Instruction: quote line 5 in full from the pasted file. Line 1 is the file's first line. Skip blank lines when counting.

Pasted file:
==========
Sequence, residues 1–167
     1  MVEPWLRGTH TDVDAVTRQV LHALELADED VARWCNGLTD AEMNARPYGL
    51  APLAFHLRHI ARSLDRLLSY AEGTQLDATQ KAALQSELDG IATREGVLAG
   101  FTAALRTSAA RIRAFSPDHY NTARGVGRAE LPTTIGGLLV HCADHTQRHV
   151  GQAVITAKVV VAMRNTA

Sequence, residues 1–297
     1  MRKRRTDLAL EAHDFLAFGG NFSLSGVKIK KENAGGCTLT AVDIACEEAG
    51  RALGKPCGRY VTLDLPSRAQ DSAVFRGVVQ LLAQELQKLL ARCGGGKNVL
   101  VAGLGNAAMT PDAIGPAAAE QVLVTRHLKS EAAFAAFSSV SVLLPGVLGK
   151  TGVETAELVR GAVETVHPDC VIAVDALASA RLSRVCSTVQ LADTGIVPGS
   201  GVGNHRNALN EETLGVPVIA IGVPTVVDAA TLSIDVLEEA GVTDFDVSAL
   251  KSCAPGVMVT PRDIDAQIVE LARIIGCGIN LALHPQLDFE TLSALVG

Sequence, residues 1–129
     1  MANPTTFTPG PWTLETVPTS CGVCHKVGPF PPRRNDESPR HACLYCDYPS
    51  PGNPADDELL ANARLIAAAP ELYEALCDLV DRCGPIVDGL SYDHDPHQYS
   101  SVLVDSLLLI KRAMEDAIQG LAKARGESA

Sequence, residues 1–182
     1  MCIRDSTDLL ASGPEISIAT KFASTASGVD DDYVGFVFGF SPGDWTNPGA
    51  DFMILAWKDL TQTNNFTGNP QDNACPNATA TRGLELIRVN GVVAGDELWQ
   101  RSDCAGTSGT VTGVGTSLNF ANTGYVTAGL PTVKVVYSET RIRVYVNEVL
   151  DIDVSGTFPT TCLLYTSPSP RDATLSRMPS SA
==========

   151  GQAVITAKVV VAMRNTA